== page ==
Its what the Champions League is all about – special players making a special contribution.
As Juventus proved a day later, when they gave Fulham a football lesson, the standards are very high in Italy and so it must be presumed that they must be even higher in the top four of the Premiership. Fulham looked a long way short of the best of both leagues but I enjoyed cheering them on, in the face of some diabolical refereeing decisions from the German officials, otherwise known as the three wise monkeys.
Although Fulham’s technical failings were very frustrating, I have unstinting admiration for manager Roy Hodgson and a sneaking regard for big Bobby Zamora, who grafted his way through a very difficult contest with the brilliant Fabio Cannavaro, which he lost but he didn’t let himself down. He always looks slightly mad but he is from Barking. Its been a long journey from his glory days at Brighton to the home of the old lady.
The maddest thing I heard on the night, was the news that Juve are to spend a hundred million euros on a new stadium but much to my amazement, it is only to hold 40 000 spectators. This had me scrambling for Google, as I thought I must have misheard.
Yep, only forty thousand and some say only thirty-five.
This is a bit of a mystery because the likes of Liverpool reckon they are doomed unless they are allowed to dig up Stanley Park and build a replica of the Camp Nou. So how Juventus plan to survive and thrive with such a tiddler, is a mystery to me. The joke is that Juventus have had more championships taken off them, than Liverpool have won in the last twenty years.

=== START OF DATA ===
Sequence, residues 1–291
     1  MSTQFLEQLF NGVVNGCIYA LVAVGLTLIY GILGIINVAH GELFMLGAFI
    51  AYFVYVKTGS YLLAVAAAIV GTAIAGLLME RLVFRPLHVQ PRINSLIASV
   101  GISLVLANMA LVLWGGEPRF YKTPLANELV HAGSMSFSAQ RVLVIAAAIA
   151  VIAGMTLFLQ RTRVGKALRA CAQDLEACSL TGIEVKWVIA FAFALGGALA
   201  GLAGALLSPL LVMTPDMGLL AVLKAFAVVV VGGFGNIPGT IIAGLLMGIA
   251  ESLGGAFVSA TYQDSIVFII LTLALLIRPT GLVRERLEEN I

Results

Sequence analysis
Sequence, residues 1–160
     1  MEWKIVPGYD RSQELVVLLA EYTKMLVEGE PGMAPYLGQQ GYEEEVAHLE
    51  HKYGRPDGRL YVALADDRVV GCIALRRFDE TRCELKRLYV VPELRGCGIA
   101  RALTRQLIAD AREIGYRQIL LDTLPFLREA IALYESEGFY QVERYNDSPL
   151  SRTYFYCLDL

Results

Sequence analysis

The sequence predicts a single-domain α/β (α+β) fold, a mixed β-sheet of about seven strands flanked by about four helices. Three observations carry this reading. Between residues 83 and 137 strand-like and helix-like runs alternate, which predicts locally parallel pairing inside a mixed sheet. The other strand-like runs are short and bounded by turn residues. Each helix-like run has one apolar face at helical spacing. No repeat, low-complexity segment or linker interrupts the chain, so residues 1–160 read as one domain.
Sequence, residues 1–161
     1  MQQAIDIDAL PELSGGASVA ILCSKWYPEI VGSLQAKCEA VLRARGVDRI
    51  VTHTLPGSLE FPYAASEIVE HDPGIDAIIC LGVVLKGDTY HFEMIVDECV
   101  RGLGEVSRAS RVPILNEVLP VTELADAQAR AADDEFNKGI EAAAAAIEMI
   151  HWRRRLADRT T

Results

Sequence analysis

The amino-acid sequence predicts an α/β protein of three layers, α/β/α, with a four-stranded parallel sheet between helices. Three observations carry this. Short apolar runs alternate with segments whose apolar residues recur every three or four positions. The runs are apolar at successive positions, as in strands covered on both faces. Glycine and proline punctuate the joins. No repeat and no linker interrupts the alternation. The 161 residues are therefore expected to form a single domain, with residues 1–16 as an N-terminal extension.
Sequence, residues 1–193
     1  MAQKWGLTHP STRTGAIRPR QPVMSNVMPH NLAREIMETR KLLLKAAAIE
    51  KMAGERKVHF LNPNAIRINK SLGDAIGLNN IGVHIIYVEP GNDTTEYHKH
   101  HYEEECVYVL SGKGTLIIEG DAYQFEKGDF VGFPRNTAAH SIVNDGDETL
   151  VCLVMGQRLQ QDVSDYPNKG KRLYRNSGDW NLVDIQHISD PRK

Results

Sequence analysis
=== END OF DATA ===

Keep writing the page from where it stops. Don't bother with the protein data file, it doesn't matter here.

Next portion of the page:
Even so, Juve couldn’t beat the Villa last time of asking (smug grin).
It might be that they are not such greedy bastards or that they don’t have a debt of £300m to service, or it could be that the Italians are left to negotiate their own TV money, which they get to keep, but since when has English football ever eschewed the ethic that more is always better. So what’s the matter with these Italians?
The other amazing thing about Italian football, is that all the top teams are full off old men. Where’s all the youngsters gone? Arsenal couldn’t have bought them all, surely? I haven’t watched the Italian footie since James Richardson stopped presenting Football Italia on Channel 4, and it seems that most of the players the old pun-meister used to interview back then, are still playing. I wouldn’t be surprised to see Franco Baresi sitting on the bench for Milan.
It certainly says a lot for the Mediterranean diet but where are all the bambini?
But forget all that fancy shmancy Italian stuff, Villa have to take on the industrial qualities of Stoke on Saturday, a team of an altogether different stripe, where they can expect the Delap fellah to continue the aerial bombardment, which Reading started last Sunday afternoon.
Courtesy of the people who arrange the fixtures, Villa have been lumbered with a leg-sapping series of games, with several teams they would normally be expected to beat, in normal circumstances but it seems that they who must not be named, are not too keen on upsetting the Sky 4 apple-cart and arrange things to really test the mettle of any pretenders to that accolade. So at least when it comes to this particular moan, for once the Villa fans can enjoy the novelty of agreeing with Wenger.
Since Wigan beat Liverpool, the danger of one of the hallowed four being unseated from their throne, has become a real possibility and the authorities don’t really want to be accused of making it any easier than it need be for any challengers. Have no doubt about it, the failure of Liverpool to qualify for the Champions League cash cow, would be a serious blow to their future. As such an integral part of the Premiership brand, none of the football big cheeses will want to see them decline.
So they arrange the fixtures for their advantage.
Thanks for nothing you bent b*******!
Keep the faith!